JadeStar hasn't been heard from on ATS, or visited this website for the past 2 & 1/2 weeks, nor did she respond to my PM. She had given a link to the Planetary Habitability Simulator at the University of Washington. It is:
depts.washington.edu...



posted on Mar, 29 2014 @ 07:59 PM
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Probably the best post I have ever seen on this forum.



posted on Mar, 31 2014 @ 12:33 PM
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Yes, JadeStar did ATS a real service, with this, and other threads she made. She has access to lots of interesting information. I hope she sees fit to return to this website at some point; she is missed here.
I'd like to have a discussion with her about the technological singularity, about which, judging by her passing remarks on this topic, we have some interesting differences of opinion, as we do in several areas of astrobiology and UFOlogy.



posted on Apr, 1 2014 @ 02:53 PM
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Zeta 2 Reticuli apparently has a debris disk approximately 100 AU out. There are suspected gas giant planets at about 60 and/or 200 AU. Either or both might serve to deflect asteroid-like debris away from any smaller, inner planets, as Jupiter is thought to do for Earth.

Since Zeta 2 Reticuli is similar to the Sun, a planet in its habitable zone would also be at approximately 1 AU. The distance from from the debris disk in the Z2R system to a habitable planet is much greater than the distance from Earth to the asteroid belt.
This means that in the Z2R system, it would be easier to deflect objects away from a habitable planet. Smaller initial deflections would cause greater changes in course, by the time a potential impactor had crossed the intervening distance.
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posted on Nov, 10 2014 @ 11:33 PM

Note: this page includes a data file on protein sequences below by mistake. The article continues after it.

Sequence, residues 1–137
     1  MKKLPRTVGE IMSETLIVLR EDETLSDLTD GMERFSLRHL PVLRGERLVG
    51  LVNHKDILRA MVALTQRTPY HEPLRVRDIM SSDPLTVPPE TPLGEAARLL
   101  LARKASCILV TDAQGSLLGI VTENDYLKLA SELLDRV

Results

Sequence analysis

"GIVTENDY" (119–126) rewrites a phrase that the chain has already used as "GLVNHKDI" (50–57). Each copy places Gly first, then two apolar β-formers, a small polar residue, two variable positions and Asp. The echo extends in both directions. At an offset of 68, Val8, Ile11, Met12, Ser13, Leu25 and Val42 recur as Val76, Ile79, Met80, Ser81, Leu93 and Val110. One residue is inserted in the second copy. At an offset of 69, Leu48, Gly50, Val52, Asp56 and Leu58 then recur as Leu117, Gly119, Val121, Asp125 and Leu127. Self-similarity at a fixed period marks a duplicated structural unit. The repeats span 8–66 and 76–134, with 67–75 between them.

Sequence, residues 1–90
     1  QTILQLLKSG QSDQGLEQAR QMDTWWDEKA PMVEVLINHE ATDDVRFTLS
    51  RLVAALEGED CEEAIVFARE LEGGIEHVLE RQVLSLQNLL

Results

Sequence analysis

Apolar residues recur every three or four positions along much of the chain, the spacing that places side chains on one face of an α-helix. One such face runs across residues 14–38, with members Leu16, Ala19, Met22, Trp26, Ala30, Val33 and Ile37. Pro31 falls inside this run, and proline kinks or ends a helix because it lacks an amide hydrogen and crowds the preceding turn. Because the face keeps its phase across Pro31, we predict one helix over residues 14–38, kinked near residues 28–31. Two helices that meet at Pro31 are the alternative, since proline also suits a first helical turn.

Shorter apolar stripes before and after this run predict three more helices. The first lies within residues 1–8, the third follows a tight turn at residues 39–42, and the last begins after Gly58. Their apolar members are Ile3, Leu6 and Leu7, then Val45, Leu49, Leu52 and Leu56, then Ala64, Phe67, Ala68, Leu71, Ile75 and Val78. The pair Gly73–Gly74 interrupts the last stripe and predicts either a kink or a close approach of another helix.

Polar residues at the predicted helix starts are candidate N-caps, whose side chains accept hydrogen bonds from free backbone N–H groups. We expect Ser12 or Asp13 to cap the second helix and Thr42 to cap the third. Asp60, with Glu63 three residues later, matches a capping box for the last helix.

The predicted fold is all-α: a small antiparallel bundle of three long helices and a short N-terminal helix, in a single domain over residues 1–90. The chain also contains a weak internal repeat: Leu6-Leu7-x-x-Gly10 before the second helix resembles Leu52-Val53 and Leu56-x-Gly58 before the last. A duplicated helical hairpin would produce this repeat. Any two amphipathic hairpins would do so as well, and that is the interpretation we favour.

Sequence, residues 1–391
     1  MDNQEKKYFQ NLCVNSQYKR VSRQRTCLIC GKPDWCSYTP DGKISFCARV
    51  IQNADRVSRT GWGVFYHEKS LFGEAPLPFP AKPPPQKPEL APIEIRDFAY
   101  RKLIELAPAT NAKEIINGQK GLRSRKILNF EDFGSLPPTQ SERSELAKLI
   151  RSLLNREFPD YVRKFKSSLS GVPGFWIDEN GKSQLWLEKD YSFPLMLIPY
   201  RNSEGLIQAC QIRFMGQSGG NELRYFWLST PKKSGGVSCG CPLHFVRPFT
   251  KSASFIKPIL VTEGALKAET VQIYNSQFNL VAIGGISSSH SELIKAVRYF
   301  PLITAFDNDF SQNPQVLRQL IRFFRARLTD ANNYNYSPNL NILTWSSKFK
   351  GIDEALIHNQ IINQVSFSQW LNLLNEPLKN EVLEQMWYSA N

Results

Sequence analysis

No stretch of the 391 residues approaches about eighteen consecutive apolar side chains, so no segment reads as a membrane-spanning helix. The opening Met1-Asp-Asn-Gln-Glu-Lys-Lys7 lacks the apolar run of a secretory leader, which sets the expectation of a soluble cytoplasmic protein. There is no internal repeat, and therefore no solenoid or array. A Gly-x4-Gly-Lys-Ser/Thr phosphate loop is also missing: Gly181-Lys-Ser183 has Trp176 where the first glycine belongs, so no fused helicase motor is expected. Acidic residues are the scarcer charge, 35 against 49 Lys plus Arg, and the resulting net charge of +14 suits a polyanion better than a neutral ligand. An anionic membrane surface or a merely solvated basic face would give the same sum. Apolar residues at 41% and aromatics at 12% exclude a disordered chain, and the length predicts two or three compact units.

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It's too bad NASA cancelled the Terrestrial Planet Finder (TPF) due to funding. I've been looking for recent news on Zeta Reticuli, but can't find any. Anyone have any updates?



posted on Nov, 10 2014 @ 11:51 PM
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Jade you made my day....
Your posts and topics are
probly the only ones i read
in full...
S+F

oh i havent even skimmed the
replies yet



posted on Nov, 11 2014 @ 02:21 AM
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originally posted by: Miccey
Jade you made my day....
Your posts and topics are
probly the only ones i read
in full...
S+F

oh i havent even skimmed the
replies yet


Thanks.



posted on Nov, 11 2014 @ 02:25 AM
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originally posted by: game over man
It's too bad NASA cancelled the Terrestrial Planet Finder (TPF) due to funding. I've been looking for recent news on Zeta Reticuli, but can't find any. Anyone have any updates?


There is good news on the planet search front. I can confirm that NASA's TESS (Transiting Exoplanet Survey Satellite) will target both of the Zeta Reticuli stars in 2017.

I have also heard that the similar European Space Agency's mission called PLATO will as well.

Additionally there are several ground observing campaigns looking for planets around the Zeta Reticuli stars and this will get a HUGE boost when the two massive telescopes in Hawaii (Thirty Meter Telescope) and in Chile (European Extremely Large Telescope) are completed in the early 2020s.
edit on 11-11-2014 by JadeStar because: (no reason given)



posted on Nov, 11 2014 @ 05:25 AM
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it's tangential; but i think i remember an article concerning a revision to the theories that determine the ages of stars and that the revised model accounts for the anomalies in several stars behavior vs ages? that would pertain To Ross's information about zeta reticuli being unusual? i forget the details but i think it concerned stellar chemistry or motion; maybe both.